Third MPS rape case collapses after officers fail to find key evidence
Lawyers are calling for urgent action to avoid miscarriages of justice after another rape case collapsed because key evidence was not disclosed by police officers.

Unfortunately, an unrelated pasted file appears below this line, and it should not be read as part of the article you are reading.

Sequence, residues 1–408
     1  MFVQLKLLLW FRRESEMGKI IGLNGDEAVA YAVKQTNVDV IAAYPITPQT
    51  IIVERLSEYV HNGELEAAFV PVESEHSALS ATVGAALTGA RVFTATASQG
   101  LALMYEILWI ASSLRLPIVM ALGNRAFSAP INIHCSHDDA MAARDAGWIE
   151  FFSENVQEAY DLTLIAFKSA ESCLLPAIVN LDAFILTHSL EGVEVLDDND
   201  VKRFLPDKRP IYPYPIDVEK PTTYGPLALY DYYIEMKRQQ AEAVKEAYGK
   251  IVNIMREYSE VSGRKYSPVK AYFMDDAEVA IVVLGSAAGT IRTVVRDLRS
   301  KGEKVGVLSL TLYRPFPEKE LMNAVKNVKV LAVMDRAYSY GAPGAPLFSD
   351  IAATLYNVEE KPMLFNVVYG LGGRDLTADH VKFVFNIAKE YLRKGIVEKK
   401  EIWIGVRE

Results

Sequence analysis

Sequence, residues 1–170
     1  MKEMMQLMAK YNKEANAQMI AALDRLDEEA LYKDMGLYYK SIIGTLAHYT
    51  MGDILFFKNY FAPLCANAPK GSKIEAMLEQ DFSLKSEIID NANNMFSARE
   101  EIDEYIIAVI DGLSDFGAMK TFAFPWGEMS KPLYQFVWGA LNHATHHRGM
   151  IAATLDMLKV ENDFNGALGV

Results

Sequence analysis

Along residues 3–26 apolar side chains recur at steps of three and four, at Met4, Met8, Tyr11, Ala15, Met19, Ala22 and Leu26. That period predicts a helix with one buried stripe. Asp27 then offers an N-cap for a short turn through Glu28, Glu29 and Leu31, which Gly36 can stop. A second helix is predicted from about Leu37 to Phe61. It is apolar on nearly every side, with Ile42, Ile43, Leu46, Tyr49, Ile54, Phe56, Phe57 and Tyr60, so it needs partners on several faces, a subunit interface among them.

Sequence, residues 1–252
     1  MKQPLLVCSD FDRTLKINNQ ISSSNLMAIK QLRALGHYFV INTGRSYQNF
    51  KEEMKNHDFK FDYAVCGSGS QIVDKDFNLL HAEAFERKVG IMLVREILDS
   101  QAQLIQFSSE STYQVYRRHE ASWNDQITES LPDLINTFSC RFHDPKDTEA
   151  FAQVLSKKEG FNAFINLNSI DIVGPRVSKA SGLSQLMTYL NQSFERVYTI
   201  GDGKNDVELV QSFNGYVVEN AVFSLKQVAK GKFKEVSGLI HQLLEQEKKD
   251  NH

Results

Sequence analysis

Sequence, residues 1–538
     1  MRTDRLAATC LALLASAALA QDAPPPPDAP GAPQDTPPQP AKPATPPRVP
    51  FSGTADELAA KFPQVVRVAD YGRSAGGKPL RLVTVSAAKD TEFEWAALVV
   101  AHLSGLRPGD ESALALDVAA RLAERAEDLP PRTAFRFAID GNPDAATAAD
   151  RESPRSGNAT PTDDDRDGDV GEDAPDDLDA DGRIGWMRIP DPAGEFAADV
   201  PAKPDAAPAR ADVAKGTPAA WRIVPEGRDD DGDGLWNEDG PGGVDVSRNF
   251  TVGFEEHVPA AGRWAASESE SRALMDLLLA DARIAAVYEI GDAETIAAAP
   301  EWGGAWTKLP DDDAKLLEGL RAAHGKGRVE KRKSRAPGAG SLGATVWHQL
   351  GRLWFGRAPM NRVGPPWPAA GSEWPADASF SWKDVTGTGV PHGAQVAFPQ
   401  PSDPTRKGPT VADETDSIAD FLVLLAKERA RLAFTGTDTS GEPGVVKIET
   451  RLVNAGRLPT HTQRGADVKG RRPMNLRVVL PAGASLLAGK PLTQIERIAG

Lawyers are calling for urgent action to avoid miscarriages of justice after another rape case collapsed because key evidence was not disclosed by police officers. Defendant Samson Makele, 28, feared being deported to Eritrea if he was found guilty of raping a woman he met at Notting Hill Carnival, Snaresbrook Crown Court heard. But the Crown Prosecution Service (CPS) halted its case four days before he was due to go on trial after Mr Makeles lawyers presented photos showing him and the complainant cuddling and smiling in bed.? The 35-year-old woman told Metropolitan Police Service (MPS) officers that Mr Makele raped her and prevented her from leaving his flat in August 2016. She said she only managed to escape after he fell asleep, but the photographs undermined her account. Mr Makele consistently denied the charge and said sex with the woman was consensual, but an initial request to see the photographs was turned down. Investigators from the MPS did not find the images, which were discovered when the accuseds defence hired an independent forensic expert. Paris Theodorou, Mr Makeles solicitor, said prosecutors told his team that apart from selected text messages nothing else on the defendants phone could be disclosed. So we got the telephone and commissioned our own forensic download, he said. After being sent more than a dozen photographs, showing Mr Makele and the complainant naked, smiling and snuggling together in bed, the CPS announced it would offer no evidence against him. Prosecutors formally dropped the case at a pre-trial review hearing on Monday (January 15), because there was no longer a realistic prospect of conviction. Mr Makele said he was relieved but described the effect the 18-month ordeal had, adding: I cannot sleep, I cant go anywhere, even for a day. As a suspected rapist he had been subject to restrictive bail conditions including a curfew and the seizure of his passport and travel documents. It was a huge restriction of his liberty, Mr Theodorou said. Not only could he potentially go to prison but he could have been deported to Eritrea. Mr Theodorou said an error in judgment or an inaccuracy in unveiling evidence, could cause “irreparable damage”, adding: “Mr?Makele doesn`t know whether failure to obtain the photographs by the police was an oversight or an act of sheer incompetence. “Either way, his life has been intolerable and traumatic while he waited for the truth to emerge. “It is clearly vital that criminal defence solicitors are tech savvy enough to conduct their own analysis in parallel to those undertaken by the police.” It is one of at least five sexual offence cases including three involving rape that have fallen through in the past month because of the failure to disclose key evidence. Some have seen officers download the contents of complainants phones but fail to pass on the full information they contained to the prosecution or defence, while others have involved other evidence including CCTV. Last month, the MPS promised to review all its sex crime investigations after two rape trials collapsed in a week. Both cases involved the same investigating officer, and the detective remains on full duty in the sexual offences investigation unit, the MPS said. The force has confirmed every live case, where it is in discussion with the CPS, will be examined. This is understood to involve an estimated 30 rape cases due to be heard in court and scores more investigations. In one rape case, Liam Allans alleged victim had told friends she wanted and enjoyed sex she later reported as rape, it emerged, while Isaac Itiary had been charged with the statutory rape of a 14-year-old girl but messages showed she had claimed she was 19. Weeks later,?judges overturned a rape conviction?after new Facebook messages emerged supporting his claim the sex in question was consensual. Danny Kay had been in prison for four years by the time his defence lawyers unco